Other guests the audience love are Don Crabb, Chris Breen, Andy Ihnatko, and Tom Geller. They all don’t mince words and really get to the heart of user questions.

Interestingly enough, you’ll notice all of these guests are writers (and they come to chat monthly). Writers are great guests because they can be very creative in live chat. Other company personnel are usually slightly timid at first, and type slower. They’re more cautious because the medium isn’t as comfortable for them.

I don’t think I’ve ever really had a bad guest.

My Mac: What do you look for in a guest interview?

Ilene: I don’t look for a thing. I just try and find people who I find interesting, have a cool product to tell us about, or are engaged in some interesting activities. I’ve even interviewed users in the room when a guest hasn’t shown up, and that has been successful too.

My Mac: What was your best and worst experience online?

Ilene: My best experience online goes way back to the beginning around 1987 I
think. I started using message boards on a local bulletin board service when I was first divorced and rather depressed. I became hooked because of this one user who always made me laugh, and feel great. I went back every night just to soak up his great view of life. That user is Andy Ihnatko.

My worst experience – hmmm…I have two. One is old, and revolves around
internal politics of a user group I belonged to, when an employee stole the password file and started leaving messages in mine and other’s names. He started some incredible fights in the message boards.

The other is recent. All of the services have experienced an influx of new users who act like they own whatever service they wander into. They don’t read any of the rules of the site they enter, and disrupt good conversations, and chase people who are following the rules of the road away. As a host, it’s very frustrating to deal with these folks – you try to teach them, but they don’t care, and I find that distressing.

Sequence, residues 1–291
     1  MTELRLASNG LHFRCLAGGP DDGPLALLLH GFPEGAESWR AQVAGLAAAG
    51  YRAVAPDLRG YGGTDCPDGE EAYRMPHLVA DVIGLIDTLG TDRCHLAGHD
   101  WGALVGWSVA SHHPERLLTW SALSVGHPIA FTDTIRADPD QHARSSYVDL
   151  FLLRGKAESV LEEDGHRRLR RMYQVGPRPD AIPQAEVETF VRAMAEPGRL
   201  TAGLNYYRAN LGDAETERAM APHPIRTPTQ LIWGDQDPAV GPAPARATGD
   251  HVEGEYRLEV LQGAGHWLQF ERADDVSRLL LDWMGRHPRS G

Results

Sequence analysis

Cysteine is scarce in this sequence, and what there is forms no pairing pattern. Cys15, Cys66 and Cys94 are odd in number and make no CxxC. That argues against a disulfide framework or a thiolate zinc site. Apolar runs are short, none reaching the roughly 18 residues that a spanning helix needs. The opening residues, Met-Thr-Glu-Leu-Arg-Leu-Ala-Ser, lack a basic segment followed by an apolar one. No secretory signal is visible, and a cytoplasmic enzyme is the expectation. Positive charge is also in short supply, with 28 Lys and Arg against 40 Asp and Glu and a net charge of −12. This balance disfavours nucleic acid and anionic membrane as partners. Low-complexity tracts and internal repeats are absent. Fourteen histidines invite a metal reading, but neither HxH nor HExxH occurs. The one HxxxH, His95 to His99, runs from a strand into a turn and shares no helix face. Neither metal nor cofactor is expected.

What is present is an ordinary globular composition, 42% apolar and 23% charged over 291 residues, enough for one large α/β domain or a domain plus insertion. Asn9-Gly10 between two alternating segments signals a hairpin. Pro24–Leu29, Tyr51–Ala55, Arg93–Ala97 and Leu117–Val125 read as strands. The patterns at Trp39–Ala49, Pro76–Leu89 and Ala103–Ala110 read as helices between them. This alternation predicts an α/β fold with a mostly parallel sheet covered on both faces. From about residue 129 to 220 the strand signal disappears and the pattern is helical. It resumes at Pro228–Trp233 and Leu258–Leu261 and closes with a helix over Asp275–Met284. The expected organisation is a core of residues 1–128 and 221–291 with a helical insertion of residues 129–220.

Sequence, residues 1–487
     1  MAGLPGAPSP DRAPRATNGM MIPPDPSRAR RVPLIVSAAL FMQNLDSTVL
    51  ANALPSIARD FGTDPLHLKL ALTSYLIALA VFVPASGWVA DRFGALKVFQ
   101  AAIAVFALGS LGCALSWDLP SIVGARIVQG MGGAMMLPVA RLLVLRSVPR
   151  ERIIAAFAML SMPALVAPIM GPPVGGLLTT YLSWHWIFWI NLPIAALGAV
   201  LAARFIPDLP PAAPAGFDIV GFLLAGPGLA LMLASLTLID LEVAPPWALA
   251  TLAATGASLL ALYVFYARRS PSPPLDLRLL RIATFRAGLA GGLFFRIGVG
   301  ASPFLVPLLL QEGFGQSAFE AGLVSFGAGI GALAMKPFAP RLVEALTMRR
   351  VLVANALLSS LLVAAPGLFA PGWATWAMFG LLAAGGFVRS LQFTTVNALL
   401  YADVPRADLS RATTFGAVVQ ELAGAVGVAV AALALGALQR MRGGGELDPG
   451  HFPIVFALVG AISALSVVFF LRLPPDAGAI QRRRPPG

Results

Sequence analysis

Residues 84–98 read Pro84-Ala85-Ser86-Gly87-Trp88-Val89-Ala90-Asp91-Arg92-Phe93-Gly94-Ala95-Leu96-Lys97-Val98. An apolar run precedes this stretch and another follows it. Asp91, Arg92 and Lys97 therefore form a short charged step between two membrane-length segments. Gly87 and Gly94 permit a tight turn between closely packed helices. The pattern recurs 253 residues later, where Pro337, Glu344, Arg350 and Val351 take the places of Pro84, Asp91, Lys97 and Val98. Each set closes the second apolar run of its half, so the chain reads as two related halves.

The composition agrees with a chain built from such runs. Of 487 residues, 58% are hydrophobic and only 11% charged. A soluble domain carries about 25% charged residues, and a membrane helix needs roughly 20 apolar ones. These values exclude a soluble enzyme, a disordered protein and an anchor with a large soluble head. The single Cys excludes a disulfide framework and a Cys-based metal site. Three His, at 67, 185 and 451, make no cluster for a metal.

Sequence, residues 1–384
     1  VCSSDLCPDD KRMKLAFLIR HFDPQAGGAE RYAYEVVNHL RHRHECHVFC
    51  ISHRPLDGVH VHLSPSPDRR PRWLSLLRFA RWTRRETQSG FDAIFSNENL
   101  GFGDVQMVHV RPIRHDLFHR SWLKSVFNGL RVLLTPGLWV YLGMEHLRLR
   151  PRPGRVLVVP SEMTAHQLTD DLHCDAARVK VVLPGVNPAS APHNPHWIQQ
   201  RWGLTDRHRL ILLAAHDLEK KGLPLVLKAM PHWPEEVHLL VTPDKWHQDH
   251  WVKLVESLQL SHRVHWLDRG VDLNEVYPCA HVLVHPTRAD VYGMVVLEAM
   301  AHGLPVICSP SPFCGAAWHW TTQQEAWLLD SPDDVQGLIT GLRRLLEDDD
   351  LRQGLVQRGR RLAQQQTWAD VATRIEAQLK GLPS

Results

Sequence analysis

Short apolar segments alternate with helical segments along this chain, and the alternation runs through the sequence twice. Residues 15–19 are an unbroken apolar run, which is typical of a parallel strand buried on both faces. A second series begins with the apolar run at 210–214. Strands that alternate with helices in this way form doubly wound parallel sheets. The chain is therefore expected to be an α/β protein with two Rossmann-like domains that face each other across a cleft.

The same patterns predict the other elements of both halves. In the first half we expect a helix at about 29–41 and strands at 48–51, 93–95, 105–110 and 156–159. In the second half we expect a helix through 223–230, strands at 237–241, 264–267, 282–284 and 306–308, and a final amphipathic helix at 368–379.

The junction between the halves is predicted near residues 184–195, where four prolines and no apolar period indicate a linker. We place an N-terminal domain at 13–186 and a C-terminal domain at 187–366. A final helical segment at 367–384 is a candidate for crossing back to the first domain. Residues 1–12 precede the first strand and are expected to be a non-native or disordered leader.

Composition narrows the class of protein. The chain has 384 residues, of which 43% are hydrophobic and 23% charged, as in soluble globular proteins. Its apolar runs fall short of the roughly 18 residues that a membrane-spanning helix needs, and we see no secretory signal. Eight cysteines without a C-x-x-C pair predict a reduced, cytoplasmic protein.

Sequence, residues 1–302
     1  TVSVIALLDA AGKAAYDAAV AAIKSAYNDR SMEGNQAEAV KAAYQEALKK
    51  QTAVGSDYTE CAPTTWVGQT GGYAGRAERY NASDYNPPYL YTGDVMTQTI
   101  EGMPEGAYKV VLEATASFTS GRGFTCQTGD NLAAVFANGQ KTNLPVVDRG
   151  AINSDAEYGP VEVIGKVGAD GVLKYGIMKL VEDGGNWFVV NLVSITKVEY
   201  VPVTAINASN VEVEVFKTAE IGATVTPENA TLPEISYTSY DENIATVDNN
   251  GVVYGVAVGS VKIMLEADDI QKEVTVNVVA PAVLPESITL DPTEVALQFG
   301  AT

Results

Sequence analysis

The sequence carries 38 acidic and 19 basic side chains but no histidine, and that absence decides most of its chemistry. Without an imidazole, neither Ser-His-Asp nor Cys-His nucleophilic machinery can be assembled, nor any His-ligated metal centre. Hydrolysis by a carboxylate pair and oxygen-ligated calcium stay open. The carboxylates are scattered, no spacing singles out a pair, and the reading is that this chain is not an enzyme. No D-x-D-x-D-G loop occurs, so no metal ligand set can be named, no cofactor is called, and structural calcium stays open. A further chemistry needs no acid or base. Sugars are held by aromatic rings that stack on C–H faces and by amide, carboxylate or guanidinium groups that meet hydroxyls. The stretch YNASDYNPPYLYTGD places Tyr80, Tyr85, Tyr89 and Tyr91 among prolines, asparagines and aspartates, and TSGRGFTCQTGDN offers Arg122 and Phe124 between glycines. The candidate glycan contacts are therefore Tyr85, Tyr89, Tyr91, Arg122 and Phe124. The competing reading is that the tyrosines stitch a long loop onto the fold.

My Mac: How do you find Mac users to be online during interviews?

Ilene: Mac users tend to be more sophisticated in chat in my opinion. I rarely have a problem, and they are most often very polite.

My Mac: How do you provide the control that’s needed during the chat hour?

Ilene: My guests say I run my conferences with an iron fist. 🙂

My forte is making people feel comfortable in an unknown technology, answering questions in an understandable way, and making people feel like they are not idiots.

If there are a lot of new folks in the room, I run “canned” text explaining how the chat will work. I try to have a cohost to run interference if a disruption occurs in the room. (Plus if I get knocked offline the cohost can step in.) We also use an AOL/Internet relay chat convention of asking users to type “?” if
they have a question and “!” if they have a comment (if a lot of users are in the room). Most of the services I’ve worked on have features which allow a host to prevent a user from talking if they get out of hand, and some services allow a host to ban a user from a room.

My Mac: What topics have you covered? What new territory would you like to

Ilene: I’ve interviewed international experts on hunger, women’s rights, and
politics, and national experts in job training, environmental topics, computers, psychological issues, some TV and movie personalities, authors, musicians, etc.